As writers, we all struggle with confidence now and then. The early days can be brutal as we struggle to transform a passion into a skill. Criticism from outside sources can be painful, but if you learn from it, your writing improves and your confidence grows.

The worst criticism doesn't always come directly from outside sources, but from yourself. When you are feeling vulnerable after a series of rejections or you can't see the proverbial light at the end of the tunnel, you may entertain the lies that your inner critic likes to whisper.

It's good to know what those lies are, so that you can look your inner critic in the eye and tell them to take their negativity and scram! So here are 13 of those lies, and how you can rebut them!

1. You aren't really any good at this writing thing.

No one is a perfect writer; there is always room for improvement. But even if you need A LOT of improvement, that doesn't mean you're no good. If you're passionate about writing, you must have at least a modicum of ability. So start where you are, and go from there.

2. No one will ever want to read your work.

It may seem like this at times, but that doesn't make it true. You will find your audience one day if you keep it up, even if it's small.

3. Pursuing your dream is a waste of time.

Bogus! It doesn't matter if your dream is to publish a novel or to ride a unicycle around Lake Superior. Pursuing your dream will help you grow in your skill and as a person.

4. It doesn't matter how much you practice.

"Practice makes perfect" isn't technically true, but the more you work on honing your craft, the better you will be.

5. Writing a children's book is a silly idea.

Ha! This could only ever possibly be true if children's books themselves were silly, trivial things. And we all know that is far from true!

6. You can't write about that. You don't have the experience!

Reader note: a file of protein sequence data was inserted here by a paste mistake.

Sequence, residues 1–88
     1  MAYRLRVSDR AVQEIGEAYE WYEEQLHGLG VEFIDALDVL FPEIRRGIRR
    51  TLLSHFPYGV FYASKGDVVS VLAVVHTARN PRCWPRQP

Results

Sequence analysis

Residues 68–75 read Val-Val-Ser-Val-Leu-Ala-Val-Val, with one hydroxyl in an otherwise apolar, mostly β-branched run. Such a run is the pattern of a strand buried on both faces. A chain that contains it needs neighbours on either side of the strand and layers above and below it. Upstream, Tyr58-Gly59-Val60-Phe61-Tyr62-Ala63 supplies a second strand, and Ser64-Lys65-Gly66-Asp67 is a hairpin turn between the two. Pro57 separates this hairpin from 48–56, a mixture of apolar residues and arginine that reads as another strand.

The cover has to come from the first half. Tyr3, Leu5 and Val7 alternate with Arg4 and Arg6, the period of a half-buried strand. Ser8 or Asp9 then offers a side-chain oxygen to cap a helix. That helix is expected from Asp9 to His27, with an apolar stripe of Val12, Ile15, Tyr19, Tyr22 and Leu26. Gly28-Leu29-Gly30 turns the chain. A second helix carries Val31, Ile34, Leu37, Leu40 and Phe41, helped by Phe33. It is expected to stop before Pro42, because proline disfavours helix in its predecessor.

Yeah, yeah, I know. One of the "rules" about writing is "write what you know." But if we all took that too seriously, we would seriously limit ourselves as authors. Of course, life experience can do wonders for our writing, but reading and research can go a long way too.

7. You need a writing degree to be taken seriously.

Nope. Not a bit true. Lots of people write (and get published) without having ever stepped foot inside a college classroom, much less having earned a writing degree. I'm one of them!

8. You're too old to write a book.

If you're capable of generating ideas and turing them into stories, you are young enough to write a book.

9. You're too young to write a book.

See number 8. Switch "young enough" to "old enough." The younger you are, the more practice you may need, but that doesn't mean you are ever too young to start!

10. You don't have time to write a book.

Sure you do. You just have to use the time you have wisely.

11. Your voice isn't important enough to matter.

Isn't your voice different from the voice of every other individual on the planet? There you go.

12. You have to be funny to write a children's book.

Nope. Not every children's book is supposed to make kids laugh.

13. You don't have anything unique to offer.

See number 11. If you, as an individual, are unique, then you have something that no one else has. Your "you-ness." Take some time to discover what that is, and make it work for your writing.

What has your inner critic been whispering in your ear lately?